Adjusted mortality after hip fracture

From the cardiovascular health study

John A Robbins, Mary L. Biggs, Jane Cauley

Research output: Contribution to journalArticle

73 Citations (Scopus)

Abstract

OBJECTIVES: To estimate the risk of death associated with hip fracture (HFx), stratifying by sex and time since fracture. DESIGN: Prospective cohort study compared participants with and without hip fracture, matched on sex, age, race, recruitment period, and time since enrollment. SETTING: The Cardiovascular Health Study, a more-than-15-year longitudinal study of 5,888 older individuals from four U.S. sites. PARTICIPANTS: Three hundred seventy-nine individuals with HFx were compared with 1,134 without HFx. MEASUREMENTS: Extended Cox models were used to estimate mortality hazard ratios (HRs) for different periods after fracture, adjusting for prefracture health. RESULTS: Age- and race-adjusted excess mortality was 9% in women and 24% in men 1 year after fracture, and 24% in women and 26% men 5 years postfracture. Multivariable-adjusted HRs of mortality associated with HFx in women were 7.1 (95% confidence interval (CI)=2.3-21.5), 2.1 (95% CI=1.0-4.1), 1.4 (95% CI=1.1-2.0), and 1.0 (95% CI=0.6-1.5) for 0 to 1 months, 2 to 6 months, 7 months to 4 years, and 5 to 8 years, respectively, after index date. In men, respective HRs for the same time periods were 39.9 (95% CI=5.2-308.7), 3.8 (95% CI=1.4-10.3), 1.1 (95% CI=0.7-1.8), and 1.0 (95% CI=0.3-2.7). HRs adjusted for age and race were 20% to 40% higher. CONCLUSION: The risk of mortality was highest in the first 6 months after HFx. In men, the risk of death approximated that of men without HFx after 6 months; in women, a moderately greater risk persisted through the fourth year. Although the mortality pattern was different in women and men, excess mortality 5 years postfracture was similar for both sexes.

Original languageEnglish (US)
Pages (from-to)1885-1891
Number of pages7
JournalJournal of the American Geriatrics Society
Volume54
Issue number12
DOIs
StatePublished - Dec 2006

Fingerprint

Hip Fractures
Confidence Intervals
Mortality
Health
Proportional Hazards Models
Longitudinal Studies
Cohort Studies
Prospective Studies

Keywords

  • Elderly
  • Hip fracture
  • Mortality
  • Women

ASJC Scopus subject areas

  • Geriatrics and Gerontology

Cite this

Adjusted mortality after hip fracture : From the cardiovascular health study. / Robbins, John A; Biggs, Mary L.; Cauley, Jane.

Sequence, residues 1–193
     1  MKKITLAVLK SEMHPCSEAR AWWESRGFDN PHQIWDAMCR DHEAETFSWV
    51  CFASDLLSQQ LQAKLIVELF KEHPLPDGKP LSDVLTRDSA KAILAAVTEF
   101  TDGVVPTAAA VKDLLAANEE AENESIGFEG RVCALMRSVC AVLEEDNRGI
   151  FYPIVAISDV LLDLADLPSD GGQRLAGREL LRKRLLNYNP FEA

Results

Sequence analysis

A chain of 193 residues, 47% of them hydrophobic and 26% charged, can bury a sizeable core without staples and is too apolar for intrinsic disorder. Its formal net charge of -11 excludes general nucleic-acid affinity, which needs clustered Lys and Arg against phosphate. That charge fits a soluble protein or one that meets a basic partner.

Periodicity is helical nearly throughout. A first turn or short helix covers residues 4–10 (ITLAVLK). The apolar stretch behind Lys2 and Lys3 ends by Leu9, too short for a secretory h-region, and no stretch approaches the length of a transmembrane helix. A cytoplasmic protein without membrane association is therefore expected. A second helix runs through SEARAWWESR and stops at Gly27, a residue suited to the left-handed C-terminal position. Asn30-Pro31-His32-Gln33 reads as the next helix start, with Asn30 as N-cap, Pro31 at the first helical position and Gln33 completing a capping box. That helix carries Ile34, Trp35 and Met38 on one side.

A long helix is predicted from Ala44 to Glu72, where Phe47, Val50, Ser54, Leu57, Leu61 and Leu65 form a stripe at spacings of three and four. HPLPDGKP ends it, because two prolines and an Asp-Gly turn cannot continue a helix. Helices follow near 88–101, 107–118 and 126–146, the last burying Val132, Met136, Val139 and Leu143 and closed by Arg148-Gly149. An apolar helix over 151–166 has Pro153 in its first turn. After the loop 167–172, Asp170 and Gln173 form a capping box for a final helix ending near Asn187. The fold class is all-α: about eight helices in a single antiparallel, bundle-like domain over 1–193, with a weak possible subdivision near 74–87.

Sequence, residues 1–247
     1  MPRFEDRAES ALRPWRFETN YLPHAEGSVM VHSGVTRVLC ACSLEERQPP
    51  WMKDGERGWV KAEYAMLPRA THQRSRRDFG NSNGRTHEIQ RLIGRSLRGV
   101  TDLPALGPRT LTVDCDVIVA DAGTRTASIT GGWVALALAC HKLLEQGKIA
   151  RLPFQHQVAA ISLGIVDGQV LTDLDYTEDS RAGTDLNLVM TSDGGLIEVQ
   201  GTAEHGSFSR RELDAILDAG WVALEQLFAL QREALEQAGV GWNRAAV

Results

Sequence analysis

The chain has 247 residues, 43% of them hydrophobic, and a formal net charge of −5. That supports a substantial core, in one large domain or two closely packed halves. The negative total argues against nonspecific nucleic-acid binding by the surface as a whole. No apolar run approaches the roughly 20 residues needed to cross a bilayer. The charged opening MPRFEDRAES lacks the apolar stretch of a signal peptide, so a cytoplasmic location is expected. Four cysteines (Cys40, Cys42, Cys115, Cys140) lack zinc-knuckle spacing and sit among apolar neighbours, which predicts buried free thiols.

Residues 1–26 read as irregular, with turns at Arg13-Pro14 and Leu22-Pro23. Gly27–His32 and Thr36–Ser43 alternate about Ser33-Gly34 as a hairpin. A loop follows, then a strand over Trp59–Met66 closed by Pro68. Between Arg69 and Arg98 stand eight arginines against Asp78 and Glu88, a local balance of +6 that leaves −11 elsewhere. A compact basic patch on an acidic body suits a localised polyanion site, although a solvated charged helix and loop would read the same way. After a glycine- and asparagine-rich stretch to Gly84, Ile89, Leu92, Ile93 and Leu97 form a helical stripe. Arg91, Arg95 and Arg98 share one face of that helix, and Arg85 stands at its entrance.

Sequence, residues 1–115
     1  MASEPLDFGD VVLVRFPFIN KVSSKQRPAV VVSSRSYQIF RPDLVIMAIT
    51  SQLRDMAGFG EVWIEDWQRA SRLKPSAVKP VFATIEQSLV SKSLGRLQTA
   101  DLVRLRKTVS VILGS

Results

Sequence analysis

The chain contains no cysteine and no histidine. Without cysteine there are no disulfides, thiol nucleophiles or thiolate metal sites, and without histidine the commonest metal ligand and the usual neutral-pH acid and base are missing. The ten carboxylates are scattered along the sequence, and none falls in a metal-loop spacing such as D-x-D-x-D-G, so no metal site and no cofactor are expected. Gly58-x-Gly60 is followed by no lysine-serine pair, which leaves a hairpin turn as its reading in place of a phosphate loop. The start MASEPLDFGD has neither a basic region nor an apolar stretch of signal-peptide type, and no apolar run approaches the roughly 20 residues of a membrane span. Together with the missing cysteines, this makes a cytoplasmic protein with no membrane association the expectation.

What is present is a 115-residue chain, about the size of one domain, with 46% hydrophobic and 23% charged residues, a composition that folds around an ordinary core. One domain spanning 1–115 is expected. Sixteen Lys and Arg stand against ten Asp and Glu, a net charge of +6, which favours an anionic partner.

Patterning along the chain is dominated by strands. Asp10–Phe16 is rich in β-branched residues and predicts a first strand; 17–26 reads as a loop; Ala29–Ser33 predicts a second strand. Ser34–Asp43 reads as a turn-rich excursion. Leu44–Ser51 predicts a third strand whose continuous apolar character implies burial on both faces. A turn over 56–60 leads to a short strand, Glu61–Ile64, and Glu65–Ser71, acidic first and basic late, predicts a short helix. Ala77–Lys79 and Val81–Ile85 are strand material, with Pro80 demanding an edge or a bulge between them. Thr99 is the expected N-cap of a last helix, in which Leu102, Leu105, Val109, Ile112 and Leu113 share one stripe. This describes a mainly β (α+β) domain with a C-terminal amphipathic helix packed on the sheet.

In: Journal of the American Geriatrics Society, Vol. 54, No. 12, 12.2006, p. 1885-1891.

Research output: Contribution to journalArticle

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title = "Adjusted mortality after hip fracture: From the cardiovascular health study",
abstract = "OBJECTIVES: To estimate the risk of death associated with hip fracture (HFx), stratifying by sex and time since fracture. DESIGN: Prospective cohort study compared participants with and without hip fracture, matched on sex, age, race, recruitment period, and time since enrollment. SETTING: The Cardiovascular Health Study, a more-than-15-year longitudinal study of 5,888 older individuals from four U.S. sites. PARTICIPANTS: Three hundred seventy-nine individuals with HFx were compared with 1,134 without HFx. MEASUREMENTS: Extended Cox models were used to estimate mortality hazard ratios (HRs) for different periods after fracture, adjusting for prefracture health. RESULTS: Age- and race-adjusted excess mortality was 9{\%} in women and 24{\%} in men 1 year after fracture, and 24{\%} in women and 26{\%} men 5 years postfracture. Multivariable-adjusted HRs of mortality associated with HFx in women were 7.1 (95{\%} confidence interval (CI)=2.3-21.5), 2.1 (95{\%} CI=1.0-4.1), 1.4 (95{\%} CI=1.1-2.0), and 1.0 (95{\%} CI=0.6-1.5) for 0 to 1 months, 2 to 6 months, 7 months to 4 years, and 5 to 8 years, respectively, after index date. In men, respective HRs for the same time periods were 39.9 (95{\%} CI=5.2-308.7), 3.8 (95{\%} CI=1.4-10.3), 1.1 (95{\%} CI=0.7-1.8), and 1.0 (95{\%} CI=0.3-2.7). HRs adjusted for age and race were 20{\%} to 40{\%} higher. CONCLUSION: The risk of mortality was highest in the first 6 months after HFx. In men, the risk of death approximated that of men without HFx after 6 months; in women, a moderately greater risk persisted through the fourth year. Although the mortality pattern was different in women and men, excess mortality 5 years postfracture was similar for both sexes.",